iMac Pro W chips vs i series varients

Discussion in 'iMac' started by tomscott1988, Apr 24, 2018.

  1. tomscott1988 macrumors 6502a


    Apr 14, 2009
    Well this is certainly interesting.

    If they put these in the 2018 iMac, unless you need ECC pretty much makes the xeon moot. Lets be fair they probably wont.

    The only ram chips ive ever had go bad are ECC in my mac pro never had a 'normal' stick fail.
  2. kschendel macrumors 65816

    Dec 9, 2014
    ECC isn't about stick reliability, it's about avoiding error that can corrupt data, potentially without notice. I honestly don't know why Intel restricts ECC to the Xeon line, it should be available in any of their high end CPU's IMO.
  3. Darmok N Jalad, Apr 24, 2018
    Last edited: Apr 24, 2018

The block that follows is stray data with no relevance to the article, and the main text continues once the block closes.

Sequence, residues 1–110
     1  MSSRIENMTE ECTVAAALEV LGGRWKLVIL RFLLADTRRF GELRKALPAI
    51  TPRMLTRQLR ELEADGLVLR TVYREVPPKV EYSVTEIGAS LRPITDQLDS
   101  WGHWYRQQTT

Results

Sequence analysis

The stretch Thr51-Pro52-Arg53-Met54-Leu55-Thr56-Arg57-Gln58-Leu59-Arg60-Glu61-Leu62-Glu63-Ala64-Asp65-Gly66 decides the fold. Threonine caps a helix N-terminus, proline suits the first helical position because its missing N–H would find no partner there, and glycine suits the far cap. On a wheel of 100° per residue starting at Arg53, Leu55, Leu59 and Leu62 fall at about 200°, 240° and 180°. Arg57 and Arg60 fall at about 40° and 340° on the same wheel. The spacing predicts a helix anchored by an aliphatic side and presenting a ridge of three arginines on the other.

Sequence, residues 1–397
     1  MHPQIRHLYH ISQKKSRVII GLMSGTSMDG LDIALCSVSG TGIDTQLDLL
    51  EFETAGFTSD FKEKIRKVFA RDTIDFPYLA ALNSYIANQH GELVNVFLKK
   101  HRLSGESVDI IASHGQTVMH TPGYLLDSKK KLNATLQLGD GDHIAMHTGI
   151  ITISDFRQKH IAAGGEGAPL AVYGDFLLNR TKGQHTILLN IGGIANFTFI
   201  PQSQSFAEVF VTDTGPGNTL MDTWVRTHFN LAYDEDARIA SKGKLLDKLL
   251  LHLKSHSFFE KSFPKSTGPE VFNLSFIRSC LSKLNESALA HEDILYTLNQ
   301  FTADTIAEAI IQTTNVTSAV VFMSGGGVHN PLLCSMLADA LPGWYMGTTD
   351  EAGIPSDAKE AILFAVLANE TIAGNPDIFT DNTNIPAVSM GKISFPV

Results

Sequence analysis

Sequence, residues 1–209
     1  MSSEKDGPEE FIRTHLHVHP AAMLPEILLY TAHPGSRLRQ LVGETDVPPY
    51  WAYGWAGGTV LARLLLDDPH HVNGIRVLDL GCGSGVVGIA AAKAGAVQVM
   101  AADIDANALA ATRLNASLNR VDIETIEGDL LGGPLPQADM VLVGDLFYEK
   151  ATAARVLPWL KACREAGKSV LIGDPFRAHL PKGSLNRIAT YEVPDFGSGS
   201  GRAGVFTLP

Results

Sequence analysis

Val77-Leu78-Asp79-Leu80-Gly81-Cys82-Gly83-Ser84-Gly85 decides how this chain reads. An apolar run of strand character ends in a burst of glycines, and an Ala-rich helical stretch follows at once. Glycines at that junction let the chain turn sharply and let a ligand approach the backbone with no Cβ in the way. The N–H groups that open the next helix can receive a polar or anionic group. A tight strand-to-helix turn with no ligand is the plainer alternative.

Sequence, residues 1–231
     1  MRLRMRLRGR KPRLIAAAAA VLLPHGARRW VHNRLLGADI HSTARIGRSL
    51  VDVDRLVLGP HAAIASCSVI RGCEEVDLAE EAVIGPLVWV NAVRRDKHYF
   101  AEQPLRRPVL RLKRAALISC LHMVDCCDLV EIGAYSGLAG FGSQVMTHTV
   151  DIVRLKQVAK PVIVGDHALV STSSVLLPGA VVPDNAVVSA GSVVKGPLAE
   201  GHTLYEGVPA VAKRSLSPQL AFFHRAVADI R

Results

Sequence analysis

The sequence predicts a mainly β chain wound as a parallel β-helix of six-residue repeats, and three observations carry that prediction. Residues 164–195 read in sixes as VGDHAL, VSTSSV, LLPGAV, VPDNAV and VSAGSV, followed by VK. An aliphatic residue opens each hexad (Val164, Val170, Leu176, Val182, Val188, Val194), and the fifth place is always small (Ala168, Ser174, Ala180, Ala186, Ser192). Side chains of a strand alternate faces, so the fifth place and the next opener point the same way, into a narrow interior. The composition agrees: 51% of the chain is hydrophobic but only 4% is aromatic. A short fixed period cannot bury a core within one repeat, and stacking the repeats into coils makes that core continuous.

Darmok N Jalad macrumors 68000

    Darmok N Jalad

    Sep 26, 2017
    Seems like the guy is looking for a story here. Intel has always differentiated products in this way. However, these two classes of CPUs are for entirely different target audiences. The X series was basically Intel taking the Xeon design and configuring it for the high-end consumer desktop--standard memory support, unlocked multiplier, turbo max, etc. The Xeon is there to check the boxes for Workstation buyers that expect ECC and stability at all costs. While I'm rarely one to defend Intel, the author misses the point, IMO. It was the Xeon that bore the cheaper X series, as there was a time where Intel did not offer a "desktop Xeon." I don't think that complaining about the fact that the X series is cheaper is the way to look at it. If Intel didn't offer the X series, the complaint would be that Intel needs to spin the powerful Xeon line into a consumer chip without the ECC support!

    All that said, I very highly doubt Apple will use LGA 2066 in the base iMac. It's way too expensive to implement, and there probably aren't BGA options available.

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